OP: Not a lot of restaurants have collaborators listed on their website such as galleries and other artists in the area. How did your relationship to the art community inform your conceptualization of the restaurant?
HB: For me I got into food because I love my community, which is the art community. And I was beginning to get bored with painting. The gallery world was not resonating with me but I loved my friends and I loved my community and was always cooking dinner and having people over, and that’s where I found my passion and creativity. Moving forward to today, I don’t see myself being solely part of the food community.
CPG: There are similarities between how exclusive both communities are. And I think that’s something special about our relationship that we share. It’s not disdain but a certain kind of awareness and a desire to not work in a way similar to those communities; to not have our space, our food or our concepts feel alienating to anyone. I never felt part of the art world and I don’t relate to networking, to the gallery system. I don’t desire to be a part of it.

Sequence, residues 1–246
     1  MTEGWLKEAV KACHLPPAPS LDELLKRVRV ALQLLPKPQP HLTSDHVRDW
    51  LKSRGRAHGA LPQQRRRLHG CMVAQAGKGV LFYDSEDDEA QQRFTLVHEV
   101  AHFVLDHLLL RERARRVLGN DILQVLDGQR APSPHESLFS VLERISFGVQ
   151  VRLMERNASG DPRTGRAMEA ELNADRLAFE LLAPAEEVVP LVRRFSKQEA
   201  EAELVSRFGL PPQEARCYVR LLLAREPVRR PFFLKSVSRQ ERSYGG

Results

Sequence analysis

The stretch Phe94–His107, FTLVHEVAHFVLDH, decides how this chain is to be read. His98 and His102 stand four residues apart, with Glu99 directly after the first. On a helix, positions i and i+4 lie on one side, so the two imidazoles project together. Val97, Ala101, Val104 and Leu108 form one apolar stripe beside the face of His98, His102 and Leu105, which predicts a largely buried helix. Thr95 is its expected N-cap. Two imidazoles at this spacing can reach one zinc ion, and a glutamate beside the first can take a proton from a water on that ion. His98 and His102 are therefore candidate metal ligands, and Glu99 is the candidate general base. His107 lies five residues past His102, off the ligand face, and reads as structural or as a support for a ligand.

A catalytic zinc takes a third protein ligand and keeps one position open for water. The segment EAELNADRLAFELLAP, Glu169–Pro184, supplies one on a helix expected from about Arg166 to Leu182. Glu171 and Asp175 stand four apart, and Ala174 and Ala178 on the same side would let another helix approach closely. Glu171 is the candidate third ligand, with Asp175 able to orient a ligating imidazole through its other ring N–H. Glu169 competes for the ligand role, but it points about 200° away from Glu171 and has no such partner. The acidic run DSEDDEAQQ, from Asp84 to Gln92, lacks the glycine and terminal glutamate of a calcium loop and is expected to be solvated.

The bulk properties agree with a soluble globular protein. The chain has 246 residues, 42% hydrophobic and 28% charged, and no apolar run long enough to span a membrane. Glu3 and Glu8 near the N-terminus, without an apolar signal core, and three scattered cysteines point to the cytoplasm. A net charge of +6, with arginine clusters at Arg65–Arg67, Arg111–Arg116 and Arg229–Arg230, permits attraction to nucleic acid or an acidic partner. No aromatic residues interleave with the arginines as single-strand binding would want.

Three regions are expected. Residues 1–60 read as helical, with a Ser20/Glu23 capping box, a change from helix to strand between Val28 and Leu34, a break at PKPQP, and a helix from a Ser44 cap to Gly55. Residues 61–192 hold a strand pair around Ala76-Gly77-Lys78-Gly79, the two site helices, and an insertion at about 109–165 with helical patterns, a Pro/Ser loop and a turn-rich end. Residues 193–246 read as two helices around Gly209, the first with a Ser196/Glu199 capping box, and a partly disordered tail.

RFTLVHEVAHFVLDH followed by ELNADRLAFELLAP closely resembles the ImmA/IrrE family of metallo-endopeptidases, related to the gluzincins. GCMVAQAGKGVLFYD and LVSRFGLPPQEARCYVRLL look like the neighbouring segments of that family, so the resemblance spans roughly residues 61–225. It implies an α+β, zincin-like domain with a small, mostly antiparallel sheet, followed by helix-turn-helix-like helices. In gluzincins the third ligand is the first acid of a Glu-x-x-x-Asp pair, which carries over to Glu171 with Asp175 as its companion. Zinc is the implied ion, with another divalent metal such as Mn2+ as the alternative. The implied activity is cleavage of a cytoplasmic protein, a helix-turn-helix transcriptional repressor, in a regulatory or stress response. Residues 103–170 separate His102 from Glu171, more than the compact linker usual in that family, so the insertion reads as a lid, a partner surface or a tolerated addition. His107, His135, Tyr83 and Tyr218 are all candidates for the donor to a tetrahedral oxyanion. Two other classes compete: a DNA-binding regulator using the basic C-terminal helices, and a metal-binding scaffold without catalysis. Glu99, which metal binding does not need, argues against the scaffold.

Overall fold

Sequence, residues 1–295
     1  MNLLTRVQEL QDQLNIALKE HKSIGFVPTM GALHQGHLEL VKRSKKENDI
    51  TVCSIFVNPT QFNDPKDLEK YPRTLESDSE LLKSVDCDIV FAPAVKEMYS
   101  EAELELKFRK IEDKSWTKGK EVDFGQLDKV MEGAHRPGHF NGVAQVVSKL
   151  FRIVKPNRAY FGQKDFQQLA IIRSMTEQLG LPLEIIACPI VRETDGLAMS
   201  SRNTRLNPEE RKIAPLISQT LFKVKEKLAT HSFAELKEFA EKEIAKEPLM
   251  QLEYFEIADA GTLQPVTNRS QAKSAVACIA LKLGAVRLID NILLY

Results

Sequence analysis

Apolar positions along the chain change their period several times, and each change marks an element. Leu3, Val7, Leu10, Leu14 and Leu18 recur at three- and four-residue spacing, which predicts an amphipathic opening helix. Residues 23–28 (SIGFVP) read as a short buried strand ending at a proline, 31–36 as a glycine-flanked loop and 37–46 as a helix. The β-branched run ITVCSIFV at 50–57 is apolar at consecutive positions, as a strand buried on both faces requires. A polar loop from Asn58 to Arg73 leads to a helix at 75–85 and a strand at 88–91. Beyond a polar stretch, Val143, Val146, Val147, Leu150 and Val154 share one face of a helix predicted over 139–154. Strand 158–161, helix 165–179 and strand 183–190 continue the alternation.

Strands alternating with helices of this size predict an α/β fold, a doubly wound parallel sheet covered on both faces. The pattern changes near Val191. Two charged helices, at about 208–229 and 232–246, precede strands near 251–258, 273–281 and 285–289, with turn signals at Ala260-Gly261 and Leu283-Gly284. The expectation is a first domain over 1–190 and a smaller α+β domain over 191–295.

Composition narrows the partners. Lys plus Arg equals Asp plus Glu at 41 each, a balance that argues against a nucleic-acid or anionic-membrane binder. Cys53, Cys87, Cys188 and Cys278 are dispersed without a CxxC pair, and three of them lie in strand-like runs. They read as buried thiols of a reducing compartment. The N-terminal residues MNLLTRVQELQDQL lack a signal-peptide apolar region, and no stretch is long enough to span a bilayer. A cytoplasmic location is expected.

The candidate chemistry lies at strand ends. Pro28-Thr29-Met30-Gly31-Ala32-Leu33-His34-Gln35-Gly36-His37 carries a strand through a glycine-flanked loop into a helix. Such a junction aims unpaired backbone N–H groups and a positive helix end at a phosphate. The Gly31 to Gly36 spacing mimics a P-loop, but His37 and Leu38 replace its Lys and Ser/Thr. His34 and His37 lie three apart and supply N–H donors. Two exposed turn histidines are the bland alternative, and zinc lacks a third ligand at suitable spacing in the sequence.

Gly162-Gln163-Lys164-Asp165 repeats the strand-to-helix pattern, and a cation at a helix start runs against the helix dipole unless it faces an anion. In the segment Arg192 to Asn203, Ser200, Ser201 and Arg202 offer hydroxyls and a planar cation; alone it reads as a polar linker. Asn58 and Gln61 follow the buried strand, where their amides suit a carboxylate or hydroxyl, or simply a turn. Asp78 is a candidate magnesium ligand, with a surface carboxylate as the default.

HB: I just got over “The Gallery World." In New York, especially, it can be a little bit toxic. I was working so much and I could afford to have an art studio, but because I was working so much I never had the time to get to my studio. When I started working in restaurants, I knew that I wanted a restaurant and FOOD, Gordon Matta-Clark’s project in the ‘70s, was the coolest thing that ever happened. But when I got into the food world in New York, I realized it was not that different from the art world. It’s very male dominated; there are kings who oversee everything. It’s definitely based around whom you know, where you’ve been and for whom you have worked in the past.
"When we did the original pop-up at Deb's, we asked 30 local artists to design a placemat for one of the 30 seats in the restaurant. We wanted to think of other ways art and artists could interact with the food and space than just on the walls. We still use them interchangeably at the seats at the bar- its fun because they are all so different and funny."
OP: Does your artistic background come into play when considering the aesthetic elements of the dish?